These new stances occur during a period when there is one dominant power — America — and one rising power — China. Political scientist Graham Allison says that, in 12 out of 16 times when there was a dominant and a rising power, those states (or empires) went to war. The 4 times they did not go to war “required huge, painful adjustments in attitudes and actions on the part not just of the challenger but also the challenged.”

    Considering Trump’s attitude, limited political experience, and his military build-up, it is unlikely that he will engage in the hard work of fundamentally altering the “attitudes and actions” of the United States. These new factors make Allison’s views all the more concerning. As he puts it,

    Based on the current trajectory, war between the United States and China in the decades ahead is not just possible, but much more likely than recognized at the moment… Moreover, current underestimations and misapprehensions of the hazards inherent in the U.S.-China relationship contribute greatly to those hazards. A risk … is that business as usual — not just an unexpected, extraordinary event — can trigger large-scale conflict.

    Needless to say, there are growing tensions between China and the United States. This occurs in an administration that wants to cut the State Department budget, which may cause a reduction in diplomatic efforts. Moreover, the new Secretary of State Rex Tillerson demonstrates a lack of diplomatic grace. With this in mind, I would like to leave you with a statement made in 2013 from the new Secretary of Defense, James Mattis: “If you don’t fund the State Department fully, then I need to buy more ammunition ultimately.”

  12. “America First!” and Anti-Social Communitarianism

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    The problem with communitarianism is that many communitarians make for bad community members. Many of them are “society first, individual second!” to the point of being anti-social. They aren’t the kind of people you’d want to live near.

    Look, I get why people like community. I live in a fairly tight-knit community myself. We have little parades and fun runs. Various civics groups throw get-togethers all year long. The PTA works miracles. People know their neighbors. We have block parties. People come out to watch the various dad bands (and even the occasional mom band) play at the pool club. It’s nice.

    But “American First!” isn’t just a plea to put America first or to treat our co-nationals as members of a giant community. Rather, it’s quite literally a threat, backed up with violence.

    Suppose you have a group of friends in high school. One of your friends starts to hang out with people in a different clique. You don’t like that–you think your friend isn’t taking your friendship seriously. So, you talk among yourselves and come up with a solution: You decide you’ll beat up your friend next time he tries to hang out with the other kids. (Or, alternatively, you decide you’ll let him hang out with the other kinds, but only if he first pays you $3000. Otherwise you’ll beat him up.)

    In this case, this doesn’t show that you really are loving, good friends who care a lot about community. Rather, it shows you are contemptible pieces of crap. You’re using anti-social methods to force people to maintain the kind of community you want. No reasonable person would want to be friends with you.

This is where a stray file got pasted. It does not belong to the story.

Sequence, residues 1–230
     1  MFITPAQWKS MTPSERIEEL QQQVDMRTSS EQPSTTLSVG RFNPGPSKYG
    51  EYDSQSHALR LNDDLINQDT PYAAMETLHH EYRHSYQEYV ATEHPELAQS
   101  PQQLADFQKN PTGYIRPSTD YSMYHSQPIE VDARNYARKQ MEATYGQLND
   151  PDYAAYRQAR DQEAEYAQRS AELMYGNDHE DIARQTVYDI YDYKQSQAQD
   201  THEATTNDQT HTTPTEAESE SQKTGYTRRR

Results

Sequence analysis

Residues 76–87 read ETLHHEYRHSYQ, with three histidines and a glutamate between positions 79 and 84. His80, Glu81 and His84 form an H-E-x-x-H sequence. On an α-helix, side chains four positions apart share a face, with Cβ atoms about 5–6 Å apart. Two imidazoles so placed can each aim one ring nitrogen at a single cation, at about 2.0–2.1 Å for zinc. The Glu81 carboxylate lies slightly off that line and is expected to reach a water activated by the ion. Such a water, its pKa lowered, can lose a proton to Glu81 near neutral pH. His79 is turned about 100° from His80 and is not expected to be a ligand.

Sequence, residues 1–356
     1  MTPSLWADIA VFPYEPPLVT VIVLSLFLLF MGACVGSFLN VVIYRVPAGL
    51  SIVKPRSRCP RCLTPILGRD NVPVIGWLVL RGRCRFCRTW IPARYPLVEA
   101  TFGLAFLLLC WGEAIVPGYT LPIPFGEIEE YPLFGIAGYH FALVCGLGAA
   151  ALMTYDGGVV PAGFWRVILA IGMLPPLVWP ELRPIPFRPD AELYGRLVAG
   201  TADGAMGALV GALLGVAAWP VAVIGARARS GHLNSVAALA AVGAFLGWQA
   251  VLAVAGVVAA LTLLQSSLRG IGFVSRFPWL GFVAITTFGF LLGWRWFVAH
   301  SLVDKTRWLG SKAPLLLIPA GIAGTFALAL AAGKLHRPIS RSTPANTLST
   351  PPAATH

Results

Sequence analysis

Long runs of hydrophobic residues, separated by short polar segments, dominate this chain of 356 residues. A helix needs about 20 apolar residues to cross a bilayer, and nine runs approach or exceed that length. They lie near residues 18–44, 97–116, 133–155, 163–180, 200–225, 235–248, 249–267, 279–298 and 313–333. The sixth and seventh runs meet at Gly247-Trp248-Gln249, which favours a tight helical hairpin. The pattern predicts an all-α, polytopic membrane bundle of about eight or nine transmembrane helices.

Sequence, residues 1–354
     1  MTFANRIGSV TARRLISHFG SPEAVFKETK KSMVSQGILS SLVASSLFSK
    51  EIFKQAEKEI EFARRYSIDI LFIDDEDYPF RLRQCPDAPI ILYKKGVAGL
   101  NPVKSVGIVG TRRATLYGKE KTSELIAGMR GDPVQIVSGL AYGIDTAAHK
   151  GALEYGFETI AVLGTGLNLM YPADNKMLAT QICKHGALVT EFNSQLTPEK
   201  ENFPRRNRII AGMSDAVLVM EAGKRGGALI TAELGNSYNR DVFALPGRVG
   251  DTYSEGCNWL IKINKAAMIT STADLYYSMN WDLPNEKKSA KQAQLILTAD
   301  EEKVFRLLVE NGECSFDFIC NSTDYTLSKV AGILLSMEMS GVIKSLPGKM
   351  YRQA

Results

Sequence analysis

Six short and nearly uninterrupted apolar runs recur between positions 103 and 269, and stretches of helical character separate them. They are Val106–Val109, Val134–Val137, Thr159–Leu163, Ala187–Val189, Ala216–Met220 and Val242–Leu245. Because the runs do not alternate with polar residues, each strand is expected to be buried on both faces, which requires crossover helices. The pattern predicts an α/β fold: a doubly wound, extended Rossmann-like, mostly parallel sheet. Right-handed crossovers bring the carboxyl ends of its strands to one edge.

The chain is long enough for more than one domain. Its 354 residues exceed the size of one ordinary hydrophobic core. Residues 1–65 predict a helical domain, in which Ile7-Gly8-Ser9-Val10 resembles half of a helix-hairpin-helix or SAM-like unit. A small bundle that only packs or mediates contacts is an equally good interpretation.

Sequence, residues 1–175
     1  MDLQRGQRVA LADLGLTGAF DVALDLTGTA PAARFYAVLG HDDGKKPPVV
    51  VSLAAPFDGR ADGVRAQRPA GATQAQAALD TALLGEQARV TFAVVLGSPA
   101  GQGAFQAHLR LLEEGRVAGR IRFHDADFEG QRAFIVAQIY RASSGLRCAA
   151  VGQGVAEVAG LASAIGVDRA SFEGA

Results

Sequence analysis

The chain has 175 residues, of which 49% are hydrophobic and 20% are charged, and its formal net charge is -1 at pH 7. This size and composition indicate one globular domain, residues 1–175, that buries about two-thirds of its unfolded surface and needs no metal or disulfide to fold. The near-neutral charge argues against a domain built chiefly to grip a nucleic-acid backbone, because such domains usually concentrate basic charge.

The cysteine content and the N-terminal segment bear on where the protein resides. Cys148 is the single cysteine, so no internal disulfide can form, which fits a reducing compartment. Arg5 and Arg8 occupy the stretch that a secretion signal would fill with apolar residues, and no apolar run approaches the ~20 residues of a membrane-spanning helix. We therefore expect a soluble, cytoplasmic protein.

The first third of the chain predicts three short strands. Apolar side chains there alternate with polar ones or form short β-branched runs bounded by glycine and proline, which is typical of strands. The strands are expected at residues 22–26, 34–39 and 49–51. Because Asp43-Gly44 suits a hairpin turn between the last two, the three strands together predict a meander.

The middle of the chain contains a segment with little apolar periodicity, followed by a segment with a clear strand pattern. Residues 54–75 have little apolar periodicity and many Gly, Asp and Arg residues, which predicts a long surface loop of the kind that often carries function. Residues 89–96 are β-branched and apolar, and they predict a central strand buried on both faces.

Nothing changes when it comes to how we spend our money rather than whom we befriend:

    Random American: “Hmmm. I think I’m going to splurge on an entry-level luxury car. While Cadillac has made great strides over the past seven years, I’m going to go with a BMW 3-series instead of the Caddy ATS.”
    America First! Guy: “Are you kidding? Don’t you think you should buy American?”
    Random American: “Well, I considered it, but the 3-series better suits my needs and wants. I mean, I believe there is a time and place for charity, but I don’t buy cars out of a sense of charity.”
    America First! Guy: “You know what, bub? If you aren’t gonna buy American voluntarily, I’m going to make you do it. This here gun says you better buy that GM car, or otherwise I’m going to take $3000 out of your bank account to spend on whatever I damn well please. And you better hire an American to clean your house. And you better not rent your other house to some Haitian or Dominican. You put America first, or I’ll make you put it first.”

    Even if you think Random American should buy a GM car (a questionable claim at best), the America First! guy is a piece of garbage.

    If you think American First! justifies economic protectionism, then you aren’t worthy of being in community with anyone. You’re like a teenager who beats up your friends when they find new friends. You’re like a priest who beats up people when they convert to a different sect. You’re like an abusive boyfriend who threatens to beat up his girlfriend when she wants to see other guys. In short: You’re an abusive member of the community. You’ve shown your true colors. The louder you make your threats and the more America is filled with people like you, the less reason I have to care about America or want to put it first.

    This piece was originally published at Bleeding Heart Libertarians.